• Louisa Stein on January 31, 2011 at 8:44 AM

      You get right to the heart of it here!:

      Although PLL is wrapped in more conventional trappings, it’s arguably more subversive in presenting multiple female protagonists, such that female agency can be more broadly asserted.

      That’s absolutely what I think is going on, and I’m fascinated by how PLL is wrapped in these conventional trappings (although still connected to a noir-like mystery about sexual violence…) and yet still potentially quite subversive, arguably (dare I say it?) more so than Buffy and VM. Buffy shared her power with the potential slayers only at the very end of the series, as an act of closure, shifting the series from its predominant focus on female empowerment as exceptionalism to a more collective sense of female power that the series could imagine but not depict long term–PLL uses that female network as its starting point.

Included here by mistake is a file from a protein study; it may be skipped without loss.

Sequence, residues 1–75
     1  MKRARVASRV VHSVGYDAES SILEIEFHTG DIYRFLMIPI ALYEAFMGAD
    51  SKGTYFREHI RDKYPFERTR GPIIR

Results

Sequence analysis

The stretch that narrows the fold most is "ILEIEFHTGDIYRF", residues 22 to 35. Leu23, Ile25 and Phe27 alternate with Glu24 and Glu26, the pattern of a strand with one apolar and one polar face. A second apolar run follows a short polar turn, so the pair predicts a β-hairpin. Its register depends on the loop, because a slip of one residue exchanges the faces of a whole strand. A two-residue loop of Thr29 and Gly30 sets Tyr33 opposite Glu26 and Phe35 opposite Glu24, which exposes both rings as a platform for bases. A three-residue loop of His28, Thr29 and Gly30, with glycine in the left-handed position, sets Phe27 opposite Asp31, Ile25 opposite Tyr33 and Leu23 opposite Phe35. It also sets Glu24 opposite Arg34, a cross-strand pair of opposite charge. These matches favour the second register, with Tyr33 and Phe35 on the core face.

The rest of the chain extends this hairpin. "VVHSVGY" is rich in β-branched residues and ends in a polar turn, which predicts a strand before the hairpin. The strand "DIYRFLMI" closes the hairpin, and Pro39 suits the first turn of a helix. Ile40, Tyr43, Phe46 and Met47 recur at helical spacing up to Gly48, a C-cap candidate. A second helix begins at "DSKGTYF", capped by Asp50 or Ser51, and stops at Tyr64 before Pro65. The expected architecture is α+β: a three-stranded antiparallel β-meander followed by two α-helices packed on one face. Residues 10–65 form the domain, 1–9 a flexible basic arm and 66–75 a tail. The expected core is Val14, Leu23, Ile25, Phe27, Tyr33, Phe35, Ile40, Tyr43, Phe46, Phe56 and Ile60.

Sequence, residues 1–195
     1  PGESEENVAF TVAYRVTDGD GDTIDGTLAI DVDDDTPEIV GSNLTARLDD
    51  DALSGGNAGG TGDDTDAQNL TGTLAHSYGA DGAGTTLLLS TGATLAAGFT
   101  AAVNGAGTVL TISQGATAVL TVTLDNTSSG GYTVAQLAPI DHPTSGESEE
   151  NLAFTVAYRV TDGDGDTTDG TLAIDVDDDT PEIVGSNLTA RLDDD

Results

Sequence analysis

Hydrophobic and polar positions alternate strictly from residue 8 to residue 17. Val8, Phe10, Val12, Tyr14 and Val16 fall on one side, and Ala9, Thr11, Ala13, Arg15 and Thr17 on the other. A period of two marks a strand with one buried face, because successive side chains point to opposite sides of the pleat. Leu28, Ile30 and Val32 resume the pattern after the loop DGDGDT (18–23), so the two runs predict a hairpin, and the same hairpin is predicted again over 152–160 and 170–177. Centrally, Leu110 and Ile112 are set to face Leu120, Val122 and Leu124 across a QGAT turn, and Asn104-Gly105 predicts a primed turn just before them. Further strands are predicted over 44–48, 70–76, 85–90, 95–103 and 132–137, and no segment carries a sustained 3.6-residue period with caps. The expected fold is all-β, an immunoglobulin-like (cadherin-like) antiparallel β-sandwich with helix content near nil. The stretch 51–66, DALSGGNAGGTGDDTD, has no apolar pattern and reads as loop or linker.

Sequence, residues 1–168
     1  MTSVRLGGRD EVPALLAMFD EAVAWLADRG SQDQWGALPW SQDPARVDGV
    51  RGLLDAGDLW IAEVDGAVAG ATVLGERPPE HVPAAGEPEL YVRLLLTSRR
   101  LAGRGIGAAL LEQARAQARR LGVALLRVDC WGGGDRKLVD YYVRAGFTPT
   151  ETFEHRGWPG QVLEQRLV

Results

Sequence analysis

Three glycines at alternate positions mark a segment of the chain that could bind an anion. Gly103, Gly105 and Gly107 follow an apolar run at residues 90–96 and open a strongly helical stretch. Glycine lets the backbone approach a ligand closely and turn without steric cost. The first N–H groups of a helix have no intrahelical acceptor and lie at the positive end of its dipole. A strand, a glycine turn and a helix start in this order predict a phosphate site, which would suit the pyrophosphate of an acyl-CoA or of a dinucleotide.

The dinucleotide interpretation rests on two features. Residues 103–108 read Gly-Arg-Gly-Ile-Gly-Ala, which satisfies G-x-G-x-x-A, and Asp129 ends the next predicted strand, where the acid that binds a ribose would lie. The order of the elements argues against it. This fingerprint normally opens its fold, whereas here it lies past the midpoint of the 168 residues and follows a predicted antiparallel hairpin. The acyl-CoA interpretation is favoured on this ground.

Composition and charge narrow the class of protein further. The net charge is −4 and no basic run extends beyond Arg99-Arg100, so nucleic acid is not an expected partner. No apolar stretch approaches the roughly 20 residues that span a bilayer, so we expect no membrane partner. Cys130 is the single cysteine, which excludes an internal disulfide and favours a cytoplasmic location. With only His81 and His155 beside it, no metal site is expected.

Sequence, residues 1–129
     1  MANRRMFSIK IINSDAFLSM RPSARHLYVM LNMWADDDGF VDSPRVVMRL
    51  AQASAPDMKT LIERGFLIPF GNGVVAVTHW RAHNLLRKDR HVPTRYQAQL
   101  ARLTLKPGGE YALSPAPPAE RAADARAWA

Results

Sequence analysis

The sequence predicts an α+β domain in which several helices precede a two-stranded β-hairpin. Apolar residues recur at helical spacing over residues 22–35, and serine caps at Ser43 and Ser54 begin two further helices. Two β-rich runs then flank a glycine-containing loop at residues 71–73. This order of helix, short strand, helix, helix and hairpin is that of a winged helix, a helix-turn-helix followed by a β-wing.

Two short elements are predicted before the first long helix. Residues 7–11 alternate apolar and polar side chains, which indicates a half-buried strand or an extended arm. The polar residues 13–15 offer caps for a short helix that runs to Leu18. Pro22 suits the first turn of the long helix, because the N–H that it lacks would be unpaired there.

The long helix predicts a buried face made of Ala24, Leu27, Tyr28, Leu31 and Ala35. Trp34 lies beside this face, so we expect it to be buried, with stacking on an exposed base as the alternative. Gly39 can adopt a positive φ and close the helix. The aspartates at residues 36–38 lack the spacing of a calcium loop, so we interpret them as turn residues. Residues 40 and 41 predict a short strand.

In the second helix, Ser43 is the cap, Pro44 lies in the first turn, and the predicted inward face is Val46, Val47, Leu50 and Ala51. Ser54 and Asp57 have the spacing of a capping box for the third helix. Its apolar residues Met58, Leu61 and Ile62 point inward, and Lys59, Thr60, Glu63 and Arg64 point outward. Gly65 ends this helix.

I don’t mean at all to undermine or oversimplify VM and Buffy, two shows that I love dearly. But I do feel that because of PLL’s conventional trappings (as you so rightly put it) the series’ place in this trajectory of 3rd wave feminist shows could be overlooked.

      Thanks for commenting!

  4. Evamarie on February 14, 2011 at 11:32 AM

    I actually never thought of the refrigerator as a thing where she “has to be saved by a man”. I always read that scene as a harsh reminder that, despite all the awesome that Veronica possesses, she’s still just a tiny little teenager. I always loved that scene because she seems truly vulnerable and even though it is television, there is a real sense of danger and potential death. Kristin Bell sells it hardcore.
    I can see your point, but I didn’t interpret it as a man/woman thing. I saw it as a child/adult thing.